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Ajijic by Tatiana Bilbao S.C ©ArchDaily
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Ajijic by Tatiana Bilbao S.C ©ArchDaily
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Ajijic by Tatiana Bilbao S.C ©ArchDaily

 

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Ajijic by Tatiana Bilbao S.C ©ArchDaily

8. BAMBOO

Bamboo is well known for its compressive strength, its flexibility, and lightness. It can help solve the structure and also give a sense of closeness to nature.

Budi Pardono Architects shows off the qualities of the bamboo in their Casablancka house. The roof of the house is made out of bamboo and it is exposed to the interior. With a roof of this nature, there is no necessity to hide it behind anything, for it is essential to the warmth and tropical quality of the space.

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Casablancka Residence by Budi Pradono Architects ©ArchDaily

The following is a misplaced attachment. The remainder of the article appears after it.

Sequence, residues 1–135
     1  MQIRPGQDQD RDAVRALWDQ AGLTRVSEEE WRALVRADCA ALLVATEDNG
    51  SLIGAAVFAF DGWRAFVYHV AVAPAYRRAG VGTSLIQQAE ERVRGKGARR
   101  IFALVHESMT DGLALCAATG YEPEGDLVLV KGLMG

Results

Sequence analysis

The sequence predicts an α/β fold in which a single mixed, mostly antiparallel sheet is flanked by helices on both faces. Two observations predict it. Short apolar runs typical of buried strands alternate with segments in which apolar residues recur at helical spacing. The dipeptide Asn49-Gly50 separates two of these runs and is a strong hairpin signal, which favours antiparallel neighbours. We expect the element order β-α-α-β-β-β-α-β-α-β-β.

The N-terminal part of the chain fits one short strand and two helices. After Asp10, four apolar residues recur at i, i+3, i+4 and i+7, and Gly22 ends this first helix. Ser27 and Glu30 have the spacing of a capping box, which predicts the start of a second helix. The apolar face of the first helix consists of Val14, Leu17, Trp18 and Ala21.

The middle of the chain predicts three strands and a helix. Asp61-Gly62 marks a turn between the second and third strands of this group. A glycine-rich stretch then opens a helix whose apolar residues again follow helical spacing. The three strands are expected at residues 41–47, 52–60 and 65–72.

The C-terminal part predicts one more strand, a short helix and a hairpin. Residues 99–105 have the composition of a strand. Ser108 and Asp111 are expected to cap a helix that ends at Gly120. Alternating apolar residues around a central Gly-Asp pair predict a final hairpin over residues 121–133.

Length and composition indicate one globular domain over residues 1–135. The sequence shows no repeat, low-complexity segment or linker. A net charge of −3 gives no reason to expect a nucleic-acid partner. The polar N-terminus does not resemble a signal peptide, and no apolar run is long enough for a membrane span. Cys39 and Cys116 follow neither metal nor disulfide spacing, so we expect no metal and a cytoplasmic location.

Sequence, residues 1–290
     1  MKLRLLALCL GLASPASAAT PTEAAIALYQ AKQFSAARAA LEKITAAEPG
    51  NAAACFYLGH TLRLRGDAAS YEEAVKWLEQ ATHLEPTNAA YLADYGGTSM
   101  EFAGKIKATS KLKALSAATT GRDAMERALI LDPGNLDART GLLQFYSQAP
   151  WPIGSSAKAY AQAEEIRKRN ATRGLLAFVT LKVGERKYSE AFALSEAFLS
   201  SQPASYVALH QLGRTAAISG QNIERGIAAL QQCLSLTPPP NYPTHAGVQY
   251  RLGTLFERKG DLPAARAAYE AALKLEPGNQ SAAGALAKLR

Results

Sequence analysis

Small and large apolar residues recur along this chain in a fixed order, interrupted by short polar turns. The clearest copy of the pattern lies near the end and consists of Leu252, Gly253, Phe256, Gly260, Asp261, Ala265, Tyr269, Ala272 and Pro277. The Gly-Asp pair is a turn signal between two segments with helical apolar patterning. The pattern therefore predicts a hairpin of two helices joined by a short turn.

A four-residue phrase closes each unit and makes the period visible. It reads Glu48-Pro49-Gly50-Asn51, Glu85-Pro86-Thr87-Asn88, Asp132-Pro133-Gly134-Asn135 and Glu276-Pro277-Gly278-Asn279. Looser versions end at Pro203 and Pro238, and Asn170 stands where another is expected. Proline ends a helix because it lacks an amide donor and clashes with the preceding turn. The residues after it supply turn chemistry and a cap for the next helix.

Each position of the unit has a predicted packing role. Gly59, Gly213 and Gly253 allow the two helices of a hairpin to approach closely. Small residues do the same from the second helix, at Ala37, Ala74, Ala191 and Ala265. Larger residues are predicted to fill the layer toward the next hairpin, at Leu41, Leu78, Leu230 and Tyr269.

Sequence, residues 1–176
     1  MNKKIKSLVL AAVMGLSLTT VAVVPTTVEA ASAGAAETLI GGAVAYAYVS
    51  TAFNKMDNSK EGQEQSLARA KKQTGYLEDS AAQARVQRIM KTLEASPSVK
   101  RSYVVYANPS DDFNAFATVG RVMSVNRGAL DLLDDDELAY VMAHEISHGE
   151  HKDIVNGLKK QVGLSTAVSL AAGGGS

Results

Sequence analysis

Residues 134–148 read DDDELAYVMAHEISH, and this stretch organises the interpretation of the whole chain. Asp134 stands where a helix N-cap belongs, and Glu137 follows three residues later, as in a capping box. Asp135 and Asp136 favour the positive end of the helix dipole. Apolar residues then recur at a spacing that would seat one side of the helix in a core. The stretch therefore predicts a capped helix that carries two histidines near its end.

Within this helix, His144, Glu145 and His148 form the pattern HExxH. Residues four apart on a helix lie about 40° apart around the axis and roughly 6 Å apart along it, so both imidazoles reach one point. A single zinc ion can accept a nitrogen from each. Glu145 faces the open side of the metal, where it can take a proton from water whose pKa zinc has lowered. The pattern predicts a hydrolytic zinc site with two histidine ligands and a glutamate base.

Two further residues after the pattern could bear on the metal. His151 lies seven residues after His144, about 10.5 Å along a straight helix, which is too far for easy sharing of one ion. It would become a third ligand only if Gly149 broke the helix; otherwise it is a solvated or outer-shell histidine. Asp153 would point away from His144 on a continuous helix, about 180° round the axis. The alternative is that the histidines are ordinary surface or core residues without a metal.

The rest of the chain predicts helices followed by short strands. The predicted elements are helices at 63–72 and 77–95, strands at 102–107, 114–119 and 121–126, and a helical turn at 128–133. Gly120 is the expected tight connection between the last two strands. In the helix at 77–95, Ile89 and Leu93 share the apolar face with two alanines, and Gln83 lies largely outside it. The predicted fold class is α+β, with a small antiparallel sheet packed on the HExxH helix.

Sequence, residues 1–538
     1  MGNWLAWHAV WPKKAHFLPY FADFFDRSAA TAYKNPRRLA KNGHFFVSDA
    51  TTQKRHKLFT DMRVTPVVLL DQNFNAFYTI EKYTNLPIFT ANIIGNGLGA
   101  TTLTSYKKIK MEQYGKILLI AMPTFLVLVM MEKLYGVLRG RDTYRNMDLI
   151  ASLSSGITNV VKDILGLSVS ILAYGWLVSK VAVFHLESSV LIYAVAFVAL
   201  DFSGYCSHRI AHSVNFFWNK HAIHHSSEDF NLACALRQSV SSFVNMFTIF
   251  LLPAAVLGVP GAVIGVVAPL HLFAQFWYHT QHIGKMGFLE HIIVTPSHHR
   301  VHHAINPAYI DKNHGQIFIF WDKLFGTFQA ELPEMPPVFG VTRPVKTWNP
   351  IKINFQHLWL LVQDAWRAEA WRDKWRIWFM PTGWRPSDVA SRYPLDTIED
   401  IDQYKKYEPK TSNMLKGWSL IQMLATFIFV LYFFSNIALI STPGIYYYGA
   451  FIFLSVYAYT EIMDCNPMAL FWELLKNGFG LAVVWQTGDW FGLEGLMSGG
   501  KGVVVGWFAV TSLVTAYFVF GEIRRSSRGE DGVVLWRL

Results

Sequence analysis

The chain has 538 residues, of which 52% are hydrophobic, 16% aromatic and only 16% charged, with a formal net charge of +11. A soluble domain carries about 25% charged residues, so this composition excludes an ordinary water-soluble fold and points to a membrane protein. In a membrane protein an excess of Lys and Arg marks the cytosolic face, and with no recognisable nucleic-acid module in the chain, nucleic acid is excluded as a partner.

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Casablancka Residence by Budi Pradono Architects ©ArchDaily
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Casablancka Residence by Budi Pradono Architects ©ArchDaily

9. CORTEN STEEL

Corten steel is delivered from factory new and smooth, it is until after some time exposed to the environment that it rusts. It is a great material to witness time passing by. There is no need to paint the steel sheets, the beautiful rusty color is all finishing needed.

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It comes across as an industrial-like material, nevertheless, projects like Smith House by MacKay-Lyons Sweetapple Architects show us that it can be applied to residential projects too. Corten steel has an interesting contrast to the rocky base and the environmental conditions of Canada, where it is located.